Sundried ambassador Oliver Crossley won his Age Group at the ITU World Championships in Switzerland and is now World Champion. He tells us about his racing experience in Lausanne.
Racing at the AG World Championships was my main focus for this season. The European Championships went really well back in June, as I was able to retain my title from last year. Following that race, I managed to sneak in a few rest (active recovery) days before getting back on schedule in preparation for Lausanne. I worked closely with my coach to build a plan to ensure I was in the best shape possible come September.
I’m absolutely sure that consistency is key when it comes to training. This is not always possible when you have a full-time job but luckily, this year, I was able to complete every session, despite some being abroad or during work trips! I got to within 3 weeks of the race and everything was looking good, too good to be true actually. Everything that could have gone wrong in the 2 weeks before I boarded the plane to Switzerland did go wrong. My brake cable snapped, my chain buckled and my cleats snapped to name a few. Although very stressful, this turned out to be extremely lucky as it meant that when I arrived in Switzerland everything was in tiptop condition.
The Final Countdown
We landed in Geneva on the Wednesday, hired a van (big enough for 3 suitcases, a bike box, and 5 people) and drove around lake Geneva to Lausanne where we had booked an Airbnb 5km away from the race venue. We spent Thursday taking in the atmosphere, having a look at the run course and sorting out registration before going back to the apartment to assemble my bike.
The compulsory bike tinkering took the best part of Friday morning - just in time to recce the bike course with a group of other team GB athletes. We cycled the course, albeit the wrong way due to the races that were happening, to make sure there were no nasty surprises come Sunday.
It always seems to be extremely hot at these events and Lausanne was no different. I was hoping that the temperature would cool down for the race but the blazing sun and the crystal clear waters of Lake Geneva made for a perfect swim course recce on Saturday. It was obvious that it was going to be a non-wetsuit swim as the water was lovely and warm which meant that I ended up swimming a bit further than I should have as I didn’t want to get out! After racking my bike in transition, we went back to cook the traditional mound of pasta, put on our race tattoos and get an early night.
I’m always a bit nervous on race morning but I have the best family and fiancée anyone could wish for who put up with me getting a bit grumpy when things aren’t quite right. After transition set-up and warm-up, I took my pre-race gel and entered the holding pen to await the race start. This race was different to usual as there were so many entrants in my age group that it had to be split into 2 waves. I was in the later wave so I had some chasing to do (5 minutes)!
I like to take the swim out hard and get some clear water. This has always been my tactic since my first ever open water triathlon where I ended up in the dreaded swimming washing machine. I got a good amount of clear water by the 250m buoy and could only see one person in front of me. After the first turn there was a long (~700m) straight section which I spent trying to shake a swimmer that had caught my tail. Although I couldn’t shake him, we put a significant distance between the rest of the pack by the end of the swim. I climbed out onto the beach in second position, about a minute behind the lead swimmer.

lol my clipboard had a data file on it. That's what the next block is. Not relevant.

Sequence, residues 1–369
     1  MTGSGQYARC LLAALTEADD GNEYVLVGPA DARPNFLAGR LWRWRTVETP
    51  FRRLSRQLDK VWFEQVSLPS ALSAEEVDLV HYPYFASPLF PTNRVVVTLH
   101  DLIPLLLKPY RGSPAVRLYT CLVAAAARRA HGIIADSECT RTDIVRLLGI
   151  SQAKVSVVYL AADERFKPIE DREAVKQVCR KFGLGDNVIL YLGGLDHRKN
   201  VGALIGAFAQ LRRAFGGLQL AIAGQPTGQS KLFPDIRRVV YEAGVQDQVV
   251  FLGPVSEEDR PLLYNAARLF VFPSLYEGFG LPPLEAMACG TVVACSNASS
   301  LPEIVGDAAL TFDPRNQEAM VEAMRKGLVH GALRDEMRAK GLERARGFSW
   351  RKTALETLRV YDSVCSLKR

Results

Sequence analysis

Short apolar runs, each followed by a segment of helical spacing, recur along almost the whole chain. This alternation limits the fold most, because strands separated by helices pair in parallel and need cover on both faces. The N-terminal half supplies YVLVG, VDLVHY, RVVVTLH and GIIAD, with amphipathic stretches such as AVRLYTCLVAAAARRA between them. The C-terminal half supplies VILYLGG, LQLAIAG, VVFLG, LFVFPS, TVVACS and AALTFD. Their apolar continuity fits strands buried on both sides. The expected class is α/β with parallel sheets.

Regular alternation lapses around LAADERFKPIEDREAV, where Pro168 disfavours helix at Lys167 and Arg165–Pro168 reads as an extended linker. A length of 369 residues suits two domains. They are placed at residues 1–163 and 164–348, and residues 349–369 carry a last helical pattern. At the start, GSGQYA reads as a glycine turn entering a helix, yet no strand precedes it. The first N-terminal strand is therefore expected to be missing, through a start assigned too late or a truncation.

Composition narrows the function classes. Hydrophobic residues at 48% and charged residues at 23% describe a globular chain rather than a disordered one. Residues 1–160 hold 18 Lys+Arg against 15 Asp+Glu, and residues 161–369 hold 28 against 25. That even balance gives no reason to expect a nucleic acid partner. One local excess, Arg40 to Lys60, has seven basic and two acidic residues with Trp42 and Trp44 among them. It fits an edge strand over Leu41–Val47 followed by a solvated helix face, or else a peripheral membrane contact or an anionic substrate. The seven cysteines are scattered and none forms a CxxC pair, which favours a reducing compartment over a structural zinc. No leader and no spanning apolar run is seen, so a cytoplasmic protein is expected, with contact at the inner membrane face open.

This was a non-drafting race, which makes it a lot easier to plan for. During training, I had spent months on the turbo at target race power so I was confident that I would be able to repeat this. I got my head down and cycled hard. I do not remember much of the bike course as my focus was only on the 20m of road in front of me!
Coming into the last couple of km of the bike I knew I was in a good position. I heard my family shout “Come on Oliver, you can actually do this”. Without wanting to tell me directly, I knew this only meant one thing – I was winning the race!
Wow, this was hot! I spent the first 1km of the run settling into a rhythm, as I always go out of transition a bit fast! At about 1.5km I found myself running with a Mexican and a Swiss athlete and we began working together to push the pace on. We were giving each other encouragement up the hills (there were 2 very step ones) and the Mexican even offered me some of his water when I missed my cup at the aid station! By this point, it was into the high 20s Celsius so I was very thankful for the water!
After 1 lap of the 2-lap course, I knew that I had to give everything if I was going to win. I have never pushed so hard so far from the finish line but once I had started, there was no looking back. Coming down the finishing straight, I gave it absolutely everything, as I still wasn’t certain I was in the lead. I fell to the floor after crossing the line and after about 5 seconds I heard the commentator say, “Well done Oliver Crossley, our new World Champion!”
I knew I was in good shape and I always believed in myself, but when I actually won, I still couldn’t believe it!
I want to say a massive thank you to my coach Andy who has worked very closely with me to get to this point and to my family for their awesome support through training and racing!
About the author: Oliver Crossley is a Team GB Age Group triathlete and Sundried ambassador.